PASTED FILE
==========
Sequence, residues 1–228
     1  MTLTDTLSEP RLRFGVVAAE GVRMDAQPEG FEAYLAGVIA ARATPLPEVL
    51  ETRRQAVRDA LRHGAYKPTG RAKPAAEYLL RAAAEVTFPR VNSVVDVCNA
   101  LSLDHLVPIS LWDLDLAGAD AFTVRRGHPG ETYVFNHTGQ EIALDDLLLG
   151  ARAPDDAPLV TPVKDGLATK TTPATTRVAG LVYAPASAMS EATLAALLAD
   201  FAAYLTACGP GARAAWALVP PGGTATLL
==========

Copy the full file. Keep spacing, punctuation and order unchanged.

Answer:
Sequence, residues 1–228
     1  MTLTDTLSEP RLRFGVVAAE GVRMDAQPEG FEAYLAGVIA ARATPLPEVL
    51  ETRRQAVRDA LRHGAYKPTG RAKPAAEYLL RAAAEVTFPR VNSVVDVCNA
   101  LSLDHLVPIS LWDLDLAGAD AFTVRRGHPG ETYVFNHTGQ EIALDDLLLG
   151  ARAPDDAPLV TPVKDGLATK TTPATTRVAG LVYAPASAMS EATLAALLAD
   201  FAAYLTACGP GARAAWALVP PGGTATLL